Colin Chaulk highlight reel

A reel of goals from Colin Chaulk, the Komets' longtime star, who retired today.

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Chaulk’s achievements
•184 goals, 500 assists in 588 games with Komets
•Led team to five championships in 10 seasons
•Voted MVP by teammates five times
•Won leaguewide award for Best Defensive Forward four times
•Played team-record 99 playoff games with 33 goals, 102 points
Cathie Rowand | The Journal Gazette
Captain Colin Chaulk was part of five championship teams with the Komets.

Komets’ Chaulk retires

Injuries catch up with team’s top playoff scorer

– His reputation as the greatest leader in the 61-year history of the Komets’ franchise had already been secured. But his health wouldn’t let him keep playing.

Colin Chaulk decided Friday to end a playing career that included five championships with Fort Wayne: the 2003 UHL championship, IHL championships in 2008, 2009 and 2010 and the 2012 CHL.

“I would like to thank my family. They’ve supported me all these years. And the fans and the Franke family (which owns the Komets). It’s a great thing in Fort Wayne,” said Chaulk, 36. “The Komets have a lot of support, and I want to thank everybody. It was a wonderful place to play, and we had a lot of success and I hope it continues.”

In 578 regular-season games with the Komets, Chaulk had 184 goals and 684 points. Only Len Thornson and Eddie Long scored more points for Fort Wayne.

“Obviously, what he did on the ice was widely known. He was a playmaker. He was the quarterback on our power play. But not many people have had the privilege of being in the locker room with him,” goaltender Nick Boucher said. “I’ve played with a lot of captains. I can say unequivocally he was the best I played for.”

Chaulk, whose career spanned 15 seasons, is famous for mantras like, “Tired is for losers,” leading the Komets back from 3-1 series deficits in the playoffs (including the 2008 finals) and for battling through injuries.

In his team-record 99 playoff games, he had 33 goals and 102 points.

“In our 23 years of owning the club, there’s only one other player respected as much by his teammates and his opponents, and that was Colin Chin,” general manager David Franke said. “They both commanded the respect of the players because they could do it on the ice and backed it up on the ice and were great leaders and they both led us to championships.”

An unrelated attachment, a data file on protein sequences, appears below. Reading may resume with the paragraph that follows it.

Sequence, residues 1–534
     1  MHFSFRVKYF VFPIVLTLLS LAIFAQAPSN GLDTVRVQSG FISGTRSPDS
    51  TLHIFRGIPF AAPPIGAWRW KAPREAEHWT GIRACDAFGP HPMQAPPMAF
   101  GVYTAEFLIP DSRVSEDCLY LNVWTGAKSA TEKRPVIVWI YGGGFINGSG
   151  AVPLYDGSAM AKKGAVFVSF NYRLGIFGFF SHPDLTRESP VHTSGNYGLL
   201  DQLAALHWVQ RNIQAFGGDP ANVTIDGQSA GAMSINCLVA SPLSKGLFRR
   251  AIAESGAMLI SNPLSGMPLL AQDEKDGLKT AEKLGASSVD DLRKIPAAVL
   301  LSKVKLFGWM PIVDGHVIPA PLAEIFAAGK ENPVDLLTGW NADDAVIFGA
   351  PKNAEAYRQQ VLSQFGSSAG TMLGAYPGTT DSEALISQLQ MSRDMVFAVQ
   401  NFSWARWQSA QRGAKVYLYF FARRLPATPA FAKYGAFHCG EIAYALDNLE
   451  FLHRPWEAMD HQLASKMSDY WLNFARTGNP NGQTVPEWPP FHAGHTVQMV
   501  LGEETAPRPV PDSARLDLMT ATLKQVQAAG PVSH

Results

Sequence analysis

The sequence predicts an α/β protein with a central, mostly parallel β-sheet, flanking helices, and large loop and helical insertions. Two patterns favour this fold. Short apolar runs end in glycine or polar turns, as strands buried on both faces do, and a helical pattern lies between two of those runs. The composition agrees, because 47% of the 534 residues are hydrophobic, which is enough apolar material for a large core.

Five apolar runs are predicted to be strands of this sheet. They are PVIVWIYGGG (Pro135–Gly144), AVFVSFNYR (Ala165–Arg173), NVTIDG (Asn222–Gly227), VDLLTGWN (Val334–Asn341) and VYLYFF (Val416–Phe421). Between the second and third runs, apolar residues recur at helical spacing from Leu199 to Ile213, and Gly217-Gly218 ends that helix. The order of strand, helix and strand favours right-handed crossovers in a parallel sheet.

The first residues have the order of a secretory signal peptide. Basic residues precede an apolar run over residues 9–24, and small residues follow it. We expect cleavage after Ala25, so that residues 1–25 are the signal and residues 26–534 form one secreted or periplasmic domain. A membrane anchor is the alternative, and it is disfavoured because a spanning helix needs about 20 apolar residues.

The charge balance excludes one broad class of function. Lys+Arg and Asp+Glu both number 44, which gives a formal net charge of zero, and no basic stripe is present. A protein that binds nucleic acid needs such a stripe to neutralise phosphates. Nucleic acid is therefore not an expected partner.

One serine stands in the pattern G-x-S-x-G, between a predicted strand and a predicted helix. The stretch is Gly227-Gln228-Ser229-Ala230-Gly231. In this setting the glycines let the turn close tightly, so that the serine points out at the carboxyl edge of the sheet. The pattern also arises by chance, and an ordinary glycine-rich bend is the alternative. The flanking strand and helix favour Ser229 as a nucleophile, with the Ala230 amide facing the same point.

In 2008-09, a MRSA staph infection in Chaulk’s foot cost him 35 games and almost his career. He got another staph infection in his other foot last December. Doctors believed they had it under control, but it came back with a 103-degree fever and he lost consciousness and was hospitalized.

Chaulk has since had problems with his brachial plexus and phrenic nerve, parts of the spine that control movement of the limbs and breathing. He was limited to 28 games last season, though he tried to play through the problems.

“With the atrophy that’s gone on in my shoulder, it’s hard to press the home key on my iPhone. I should have never returned to play when I did, but I thought I could contribute,” said Chaulk, adding there’s no timetable for his full recovery. “I had a great career, and I need to get healthy. I’m not healthy right now.”

Chaulk, a player/assistant coach last season, wants to remain in hockey as a coach, preferably at the professional level, and he has already received inquiries.

“I’ve had more opportunities in the past two weeks, as I talk to people in my inner circle, than I have in 10 years.” Chaulk said.

Franke said the team is still evaluating the future of head coach Al Sims, who just completed his sixth consecutive season but missed the playoffs.

“I’m hopeful Colin will remain a part of the franchise,” Franke said. “That’s what I’d like to see. It’s something we’ll have to figure out.”